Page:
Small business does a lot for America, accounting for roughly half of private sector GDP and employment.
Their economic contributions probably account for part of the reason that small business is our country’s most trusted group. A recent Pew Foundation survey revealed that 71 percent of Americans held a positive view of small business, 8 percentage points higher than churches and religious organizations and 10 percentage points higher than colleges and universities.
But small business owners aren’t saints. They are also America’s top tax cheats, according to Internal Revenue Service (IRS) taxpayer advocate Nina Olson. Not all of them, of course, but, on average, small business owners are much more likely than other Americans to underpay their taxes.
Their cheating is substantial. The IRS reported that the United States Treasury faced a tax gap – the amount it was owed less what it was paid – of $385 billion in 2006, the most recent year data are available. The largest chunk of this gap – $122 billion – is unreported business income on individual income tax returns.
But just as we shouldn’t look at the Pew Foundation survey and think that more trustworthy people become small business owners than politicians, bankers, ministers or college professors, we shouldn’t look at the IRS figures and conclude that dishonest types start companies. Small business owners aren’t less honest than the rest of us. They are just better able to get away with cheating on their taxes.
People don’t under report their wages because their employers report their earnings to the IRS. Knowing that, the IRS knows what’s in your paycheck keeps most people from lying about the amount they are paid. Therefore, only 1 percent of wages go unreported.
By contrast, the IRS has no idea how much cash sole proprietors are taking in. That’s why the IRS estimates that a whopping 56 percent of sole proprietors’ cash receipts are not disclosed to the tax authorities.
The IRS doesn’t think checking up on most small businesses is worth their time. While they regularly audit giant corporations like Apple or General Motors, coming through the records of a bunch of tiny companies doesn’t yield enough unpaid taxes to justify the costs.
A small business owner earning $155,000 per year faces an average tax rate of 20.5 percent, the nonpartisan Tax Foundation tells us. If the IRS catches the business owner under reporting income by 25 percent, that yields only $7,800 in lost income. Therefore, it’s not surprising that the IRS audits only 1 percent of taxpayers earning less than $200,000 per year, but 12 percent of those earning more than $1 million.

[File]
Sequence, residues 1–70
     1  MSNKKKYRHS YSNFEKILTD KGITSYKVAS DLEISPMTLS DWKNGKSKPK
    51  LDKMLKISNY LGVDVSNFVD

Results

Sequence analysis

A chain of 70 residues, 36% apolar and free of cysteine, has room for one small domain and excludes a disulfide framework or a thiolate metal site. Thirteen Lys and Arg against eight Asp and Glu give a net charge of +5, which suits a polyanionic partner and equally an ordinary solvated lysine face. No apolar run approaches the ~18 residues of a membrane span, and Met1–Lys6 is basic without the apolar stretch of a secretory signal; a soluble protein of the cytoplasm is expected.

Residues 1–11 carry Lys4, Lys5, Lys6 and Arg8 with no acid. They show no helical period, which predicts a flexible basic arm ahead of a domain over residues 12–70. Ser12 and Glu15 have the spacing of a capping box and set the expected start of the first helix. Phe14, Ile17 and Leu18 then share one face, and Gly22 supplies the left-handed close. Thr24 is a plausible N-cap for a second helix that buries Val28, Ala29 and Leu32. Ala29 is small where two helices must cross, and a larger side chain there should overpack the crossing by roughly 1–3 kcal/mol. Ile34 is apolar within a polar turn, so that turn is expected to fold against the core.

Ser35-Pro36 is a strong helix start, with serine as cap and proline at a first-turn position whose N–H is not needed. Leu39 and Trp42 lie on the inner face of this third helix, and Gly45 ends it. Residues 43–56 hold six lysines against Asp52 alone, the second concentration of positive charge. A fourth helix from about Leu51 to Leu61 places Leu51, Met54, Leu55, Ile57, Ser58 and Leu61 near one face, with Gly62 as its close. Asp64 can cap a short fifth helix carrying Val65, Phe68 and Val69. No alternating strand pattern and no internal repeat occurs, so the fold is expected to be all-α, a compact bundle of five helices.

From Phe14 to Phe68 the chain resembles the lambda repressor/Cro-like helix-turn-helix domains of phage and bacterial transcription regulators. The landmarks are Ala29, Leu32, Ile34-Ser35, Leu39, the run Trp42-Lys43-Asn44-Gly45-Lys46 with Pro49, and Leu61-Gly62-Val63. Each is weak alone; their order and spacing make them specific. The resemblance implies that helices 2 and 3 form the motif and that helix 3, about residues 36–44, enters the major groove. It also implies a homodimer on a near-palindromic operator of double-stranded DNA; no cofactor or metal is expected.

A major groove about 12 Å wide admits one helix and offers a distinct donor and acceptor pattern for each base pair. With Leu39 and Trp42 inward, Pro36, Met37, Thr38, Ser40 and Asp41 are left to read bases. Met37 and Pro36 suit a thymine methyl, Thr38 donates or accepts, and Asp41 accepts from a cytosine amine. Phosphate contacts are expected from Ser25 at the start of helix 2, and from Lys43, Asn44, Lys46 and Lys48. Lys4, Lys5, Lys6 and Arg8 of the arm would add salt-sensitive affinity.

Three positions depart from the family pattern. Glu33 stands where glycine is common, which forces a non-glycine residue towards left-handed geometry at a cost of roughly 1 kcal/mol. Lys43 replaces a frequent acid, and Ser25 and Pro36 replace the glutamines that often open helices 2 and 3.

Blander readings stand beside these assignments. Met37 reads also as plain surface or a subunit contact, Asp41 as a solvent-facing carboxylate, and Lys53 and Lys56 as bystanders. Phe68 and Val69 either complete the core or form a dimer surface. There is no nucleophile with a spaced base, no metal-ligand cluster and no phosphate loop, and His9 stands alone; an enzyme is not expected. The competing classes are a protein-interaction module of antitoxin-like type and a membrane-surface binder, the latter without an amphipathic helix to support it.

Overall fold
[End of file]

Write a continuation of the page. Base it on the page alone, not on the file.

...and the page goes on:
Moreover, the IRS knows that a chunk of small business under reporting isn’t deliberate. It comes from the difficulty of figuring out what one actually owes. Fear of punishment might motivate small business owners not to purposefully misstate their income, but it does little to help them calculate the right numbers under a maddeningly complex tax code.
Finally, our elected officials inadvertently preserve small business tax cheating when they try to avoid burdening small business owners with costly tax reporting requirements. The IRS and many tax experts explain that small business owners would reduce under reporting if third parties provided the IRS with more information. But Congress has repeatedly voted down third party reporting requirements for small businesses as too burdensome.
Whatever the combination of causes, a recent New York Times article summed up the outcome succinctly. The best way to cheat on your taxes is to “run your own company. More specifically… be the sole proprietor of a Schedule C business.”
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